Giant professional sports leagues have massive amounts of cash, generated from their management of lucrative television and merchandising deals, brand and rights licensing in general, often managing their own content-providing Websites, including OTT and mobile content packages. Most of these behemoths ripple with power and money, bask in the glow of the generally accepted (although recently challenged) exemption from U.S. antitrust laws, are aware that the necessity of “live” consumption of sports makes their value to advertisers incalculably high and are often imperious in their dealings with the rest of the world.
Until the NFL finally agreed to shed its “non-profit” status earlier this year, almost every such mega-league has maintained the tax exempt status enjoyed by officially “non-profit” trade organizations. They even have had a traditional excuse to manage their power to keep a level playing field among their competitive teams, the antitrust exemption (being challenged, at least in the world of consumers’ being required to buy whole packages of any particular league’s games) is part of the joy.
“The antitrust exemption dates back to a 1922 Supreme Court ruling, Federal Baseball Club of Baltimore v. National League, that dealt with a former competitor to the American and National Leagues. The high court's opinion held that baseball was ‘purely state affairs’ and not interstate commerce, even if players traveled, which was ‘not the essential thing.’ The Supreme Court got more opportunities to address the antitrust exemption in 1953, Toolson v. New York Yankees, and 1972, Flood v. Kuhn, which dealt with the restriction on player movement and compensation.” Hollywood Reporter, August 9, 2014.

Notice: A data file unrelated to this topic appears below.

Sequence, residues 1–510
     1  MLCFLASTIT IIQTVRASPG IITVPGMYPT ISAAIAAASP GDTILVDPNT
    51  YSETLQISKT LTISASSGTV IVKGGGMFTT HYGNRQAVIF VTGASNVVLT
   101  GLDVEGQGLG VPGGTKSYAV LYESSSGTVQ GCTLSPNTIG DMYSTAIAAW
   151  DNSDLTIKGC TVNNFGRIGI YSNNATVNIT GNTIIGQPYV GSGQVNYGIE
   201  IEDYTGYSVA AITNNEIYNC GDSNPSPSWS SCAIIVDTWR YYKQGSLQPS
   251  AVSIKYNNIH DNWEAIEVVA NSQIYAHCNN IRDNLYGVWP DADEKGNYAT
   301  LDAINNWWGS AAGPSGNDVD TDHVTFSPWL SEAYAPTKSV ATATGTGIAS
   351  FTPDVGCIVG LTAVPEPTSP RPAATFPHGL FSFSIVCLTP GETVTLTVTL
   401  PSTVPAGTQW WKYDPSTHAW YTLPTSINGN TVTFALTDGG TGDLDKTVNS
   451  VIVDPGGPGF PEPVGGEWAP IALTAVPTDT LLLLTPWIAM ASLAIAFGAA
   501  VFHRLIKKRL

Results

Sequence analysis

As the battle for the right to license Los Angeles Dodgers games illustrates, sports leagues are acutely aware with so much time-shifting of television viewing, often with the ability to edit out commercials, the fact that 98% of sports is watched live give sports a unique value to advertisers has made the value of sports franchises soar to heights no one could have envisioned a decade ago. All this has given sports leagues, amateur and professional, more power in the television/Web-based marketplace… and raw wealth.
Untaxed and exempt from laws that apply to everyone else, taxpayers have to wonder why most of these mega-wealthy organizations should not be the obvious “for-profit” institutions that they truly represent. They are getting away with financial murder, in my eyes.
But nothing, and I do mean nothing, reflects the massively arrogant, imperious and “we’re above the law” attitude that represents FIFA, the pernicious purveyors of platitudes and power at the top of the hubris pile… the soccer gods who control global competition and, most particularly, the coveted and globally mega-popular World Cup.
No one seemed to be able to stop a pattern of alleged corruption, whereby major competitive values, which telecasters would be accorded lucrative rights agreements and where other economically valuable FIFA rights would be allocated under the dubious cloud of probable bribery and corruption of key FIFA officials. With a purported $1.5 billion filling its coffers, and its seemingly unassailable leadership under long-term President (dictator?) Sepp Blatter (pictured above) impervious to challenge (numerous candidates have dropped out of the running for tomorrow’s election for president), FIFA seemed beyond the reach of any extrinsic power that could matter. Until a new American Attorney General, who had been investigating FIFA as a U.S. Attorney, entered the fray.
“The Justice Department unsealed a 47-count indictment early [May 27th] charging 14 world soccer figures, including officials of FIFA, with racketeering, bribery, money laundering and fraud. Four of those accused, including two sports marketing companies, have already pleaded guilty and are likely to be cooperating.